The promise is great. When social needs are met, patients’ conditions improve, and they may be able to stop symptom progression or even turn their conditions around. Nearly two in three of those Wright more effectively screened for social needs were the sometimes hard-to-reach population of older, Black men—men who could easily have been Wright’s stepfather, who died at 49, or her grandfather, who died in his early 50s, a fact that struck home.
“[My family members] would still be around if they’d had this kind of care,” Wright said. “This is what my career as a nurse is about.”
 Iott, B. E., Eddy, C., Casanova, C., & Veinot, T. C. (2021). More than a database: Understanding community resource referrals within a socio-technical systems framework. American Medical Informatics Association’s annual symposium proceedings. 583-592. https://pubmed-ncbi-nlm-nih-gov.proxy1.library.virginia.edu/33936432/
Jacobs, Z. G. (2021). Codifying social determinants of health: A gap in the ICD-10-CM. Journal of General Internal Medicine, 36(10), 3205-3207. doi:10.1007/s11606-021-06742-4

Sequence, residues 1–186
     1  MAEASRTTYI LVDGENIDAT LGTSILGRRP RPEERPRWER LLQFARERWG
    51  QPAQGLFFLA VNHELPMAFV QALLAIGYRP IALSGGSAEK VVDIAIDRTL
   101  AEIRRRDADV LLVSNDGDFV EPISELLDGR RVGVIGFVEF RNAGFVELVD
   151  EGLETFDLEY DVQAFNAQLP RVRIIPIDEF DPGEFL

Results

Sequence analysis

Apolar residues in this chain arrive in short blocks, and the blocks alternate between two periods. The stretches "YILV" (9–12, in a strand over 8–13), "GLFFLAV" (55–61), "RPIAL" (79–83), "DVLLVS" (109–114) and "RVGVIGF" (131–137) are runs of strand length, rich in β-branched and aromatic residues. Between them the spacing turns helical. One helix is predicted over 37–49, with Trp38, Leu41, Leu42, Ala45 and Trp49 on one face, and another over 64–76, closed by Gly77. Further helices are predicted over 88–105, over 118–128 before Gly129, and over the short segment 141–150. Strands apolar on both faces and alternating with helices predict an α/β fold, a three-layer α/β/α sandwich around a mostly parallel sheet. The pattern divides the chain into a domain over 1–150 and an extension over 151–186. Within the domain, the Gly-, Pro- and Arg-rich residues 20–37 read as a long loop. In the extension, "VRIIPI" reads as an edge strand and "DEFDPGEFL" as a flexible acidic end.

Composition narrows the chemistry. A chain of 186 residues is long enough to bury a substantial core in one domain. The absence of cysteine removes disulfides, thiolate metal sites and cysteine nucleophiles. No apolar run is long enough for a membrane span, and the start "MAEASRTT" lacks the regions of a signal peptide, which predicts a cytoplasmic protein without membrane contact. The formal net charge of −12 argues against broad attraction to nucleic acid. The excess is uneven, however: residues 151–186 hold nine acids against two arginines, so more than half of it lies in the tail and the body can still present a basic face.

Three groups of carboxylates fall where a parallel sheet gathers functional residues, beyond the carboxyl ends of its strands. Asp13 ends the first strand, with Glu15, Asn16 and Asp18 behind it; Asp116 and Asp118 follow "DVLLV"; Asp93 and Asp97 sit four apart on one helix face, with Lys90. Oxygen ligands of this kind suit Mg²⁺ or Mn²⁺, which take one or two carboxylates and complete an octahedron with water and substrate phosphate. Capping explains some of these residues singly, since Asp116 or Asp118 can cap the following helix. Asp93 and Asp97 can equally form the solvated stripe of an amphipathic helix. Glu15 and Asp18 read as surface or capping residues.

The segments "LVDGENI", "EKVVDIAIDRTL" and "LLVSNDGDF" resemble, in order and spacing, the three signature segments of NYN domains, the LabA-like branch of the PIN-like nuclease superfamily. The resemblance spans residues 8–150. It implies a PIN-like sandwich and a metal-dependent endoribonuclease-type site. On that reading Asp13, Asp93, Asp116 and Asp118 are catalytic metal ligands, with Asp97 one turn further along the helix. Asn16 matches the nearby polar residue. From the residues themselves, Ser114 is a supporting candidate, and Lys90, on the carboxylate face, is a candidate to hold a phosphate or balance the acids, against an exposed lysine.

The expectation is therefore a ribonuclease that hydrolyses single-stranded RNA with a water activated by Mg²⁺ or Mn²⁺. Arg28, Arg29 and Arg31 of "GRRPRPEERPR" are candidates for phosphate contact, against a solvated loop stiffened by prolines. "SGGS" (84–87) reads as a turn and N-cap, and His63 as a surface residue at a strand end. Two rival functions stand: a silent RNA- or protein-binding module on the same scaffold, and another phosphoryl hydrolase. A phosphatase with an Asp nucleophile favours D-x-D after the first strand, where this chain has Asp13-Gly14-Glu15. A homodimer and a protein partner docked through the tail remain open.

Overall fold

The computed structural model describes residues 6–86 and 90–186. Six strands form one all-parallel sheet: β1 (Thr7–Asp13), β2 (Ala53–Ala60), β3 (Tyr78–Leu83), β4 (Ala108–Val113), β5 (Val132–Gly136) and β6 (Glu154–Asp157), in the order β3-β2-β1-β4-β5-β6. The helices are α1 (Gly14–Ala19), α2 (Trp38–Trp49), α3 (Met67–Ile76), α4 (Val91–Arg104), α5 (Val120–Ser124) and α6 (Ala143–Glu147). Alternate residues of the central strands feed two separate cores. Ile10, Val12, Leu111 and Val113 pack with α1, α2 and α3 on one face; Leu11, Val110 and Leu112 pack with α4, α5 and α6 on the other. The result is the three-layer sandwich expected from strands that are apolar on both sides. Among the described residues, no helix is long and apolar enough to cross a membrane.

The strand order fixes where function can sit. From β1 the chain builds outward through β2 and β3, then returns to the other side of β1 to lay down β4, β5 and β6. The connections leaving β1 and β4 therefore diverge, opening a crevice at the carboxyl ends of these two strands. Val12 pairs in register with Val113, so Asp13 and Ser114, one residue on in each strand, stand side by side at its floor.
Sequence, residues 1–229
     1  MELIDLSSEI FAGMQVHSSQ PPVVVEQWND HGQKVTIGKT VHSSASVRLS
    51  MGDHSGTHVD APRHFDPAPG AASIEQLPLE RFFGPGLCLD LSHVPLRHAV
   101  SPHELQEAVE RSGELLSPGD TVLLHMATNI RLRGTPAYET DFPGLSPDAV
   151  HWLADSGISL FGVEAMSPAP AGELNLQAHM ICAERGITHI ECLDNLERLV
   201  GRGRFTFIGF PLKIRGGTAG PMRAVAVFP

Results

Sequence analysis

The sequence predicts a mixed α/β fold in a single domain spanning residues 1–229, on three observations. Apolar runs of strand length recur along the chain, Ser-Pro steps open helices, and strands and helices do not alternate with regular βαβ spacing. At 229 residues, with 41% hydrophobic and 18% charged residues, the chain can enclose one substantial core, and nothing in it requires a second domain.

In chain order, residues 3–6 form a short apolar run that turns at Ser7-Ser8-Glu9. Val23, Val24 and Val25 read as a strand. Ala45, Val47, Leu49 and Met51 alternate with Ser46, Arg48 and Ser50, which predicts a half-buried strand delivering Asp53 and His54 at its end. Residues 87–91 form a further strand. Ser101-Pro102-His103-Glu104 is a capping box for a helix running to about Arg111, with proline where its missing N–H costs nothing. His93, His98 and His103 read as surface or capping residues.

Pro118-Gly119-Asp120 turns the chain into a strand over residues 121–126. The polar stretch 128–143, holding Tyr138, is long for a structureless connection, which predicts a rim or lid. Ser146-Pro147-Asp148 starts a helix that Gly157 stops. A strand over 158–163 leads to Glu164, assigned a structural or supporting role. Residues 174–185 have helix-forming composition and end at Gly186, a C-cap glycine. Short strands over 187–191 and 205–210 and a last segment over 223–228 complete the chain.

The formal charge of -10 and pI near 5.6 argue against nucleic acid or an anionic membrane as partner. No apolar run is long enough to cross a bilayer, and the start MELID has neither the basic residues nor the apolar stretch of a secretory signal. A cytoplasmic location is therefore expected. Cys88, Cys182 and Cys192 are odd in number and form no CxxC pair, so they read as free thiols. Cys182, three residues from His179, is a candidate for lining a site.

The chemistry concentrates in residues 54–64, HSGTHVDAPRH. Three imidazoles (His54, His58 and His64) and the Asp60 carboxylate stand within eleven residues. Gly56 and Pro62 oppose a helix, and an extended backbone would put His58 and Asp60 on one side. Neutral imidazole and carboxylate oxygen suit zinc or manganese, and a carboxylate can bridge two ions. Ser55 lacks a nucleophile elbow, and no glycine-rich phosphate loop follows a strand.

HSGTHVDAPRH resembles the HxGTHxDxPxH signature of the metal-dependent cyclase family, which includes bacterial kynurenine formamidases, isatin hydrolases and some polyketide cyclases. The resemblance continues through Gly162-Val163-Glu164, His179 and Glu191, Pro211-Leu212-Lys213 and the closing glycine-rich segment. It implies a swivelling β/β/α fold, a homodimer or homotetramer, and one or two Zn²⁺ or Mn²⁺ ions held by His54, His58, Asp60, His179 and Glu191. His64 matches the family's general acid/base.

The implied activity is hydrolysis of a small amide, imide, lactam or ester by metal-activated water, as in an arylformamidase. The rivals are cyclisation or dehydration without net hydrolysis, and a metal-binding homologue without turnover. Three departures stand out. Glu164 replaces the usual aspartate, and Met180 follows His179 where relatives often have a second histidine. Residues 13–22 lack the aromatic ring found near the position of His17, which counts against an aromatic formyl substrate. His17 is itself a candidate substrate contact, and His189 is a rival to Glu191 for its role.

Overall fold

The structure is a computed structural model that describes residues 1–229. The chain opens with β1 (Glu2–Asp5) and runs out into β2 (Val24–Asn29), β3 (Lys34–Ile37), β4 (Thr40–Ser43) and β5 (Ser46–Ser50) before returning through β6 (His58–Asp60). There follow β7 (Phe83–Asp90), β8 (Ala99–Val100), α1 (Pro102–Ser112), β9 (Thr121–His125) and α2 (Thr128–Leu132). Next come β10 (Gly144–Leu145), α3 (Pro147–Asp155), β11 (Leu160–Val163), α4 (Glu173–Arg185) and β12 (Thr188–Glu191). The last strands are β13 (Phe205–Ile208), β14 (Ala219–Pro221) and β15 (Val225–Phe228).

McGinnis, J. M., Williams-Russo, P., & Knickman, J. R. (2002). The case for more active policy attention to health promotion. Health Affairs, 21(2), 78-93. doi.org/10.1377/hlthaff.21.2.78
 MacDonald, I. (June 7, 2019). Rise Health. Social determinants of health: 68% of Americans surveyed have experienced at least one unmet social need in the past year. Retrieved from https://www.risehealth.org/insights-articles/social-determinants-of-health-68-of-americans-surveyed-have-experienced-at-least-one-unmet-social-need-in-the-past-year/
 Artiga, A., & Hinton, E. (May 10, 2018). Kaiser Family Foundation News. Beyond health care: The role of social determinants in promoting health and health equity. Retrieved from https://www.kff.org/racial-equity-and-health-policy/issue-brief/beyond-health-care-the-role-of-social-determinants-in-promoting-health-and-health-equity/
 Sufrin, C., Davidson, A., & Markenson, G. (January 2018). American College of Obstetricians and Gynecologists. Importance of social determinants of health and cultural awareness in the delivery of reproductive health care. Retrieved from https://www.acog.org/clinical/clinical-guidance/committee-opinion/articles/2018/01/importance-of-social-determinants-of-health-and-cultural-awareness-in-the-delivery-of-reproductive-health-care
 Leventhal, R. (June 23, 2020). Healthcare Innovation. At reading hospital, addressing SDOH becomes a top priority. Retrieved from https://www.hcinnovationgroup.com/population-health-management/social-determinants-of-health/article/21143318/at-reading-hospital-addressing-sdoh-becomes-a-top-priority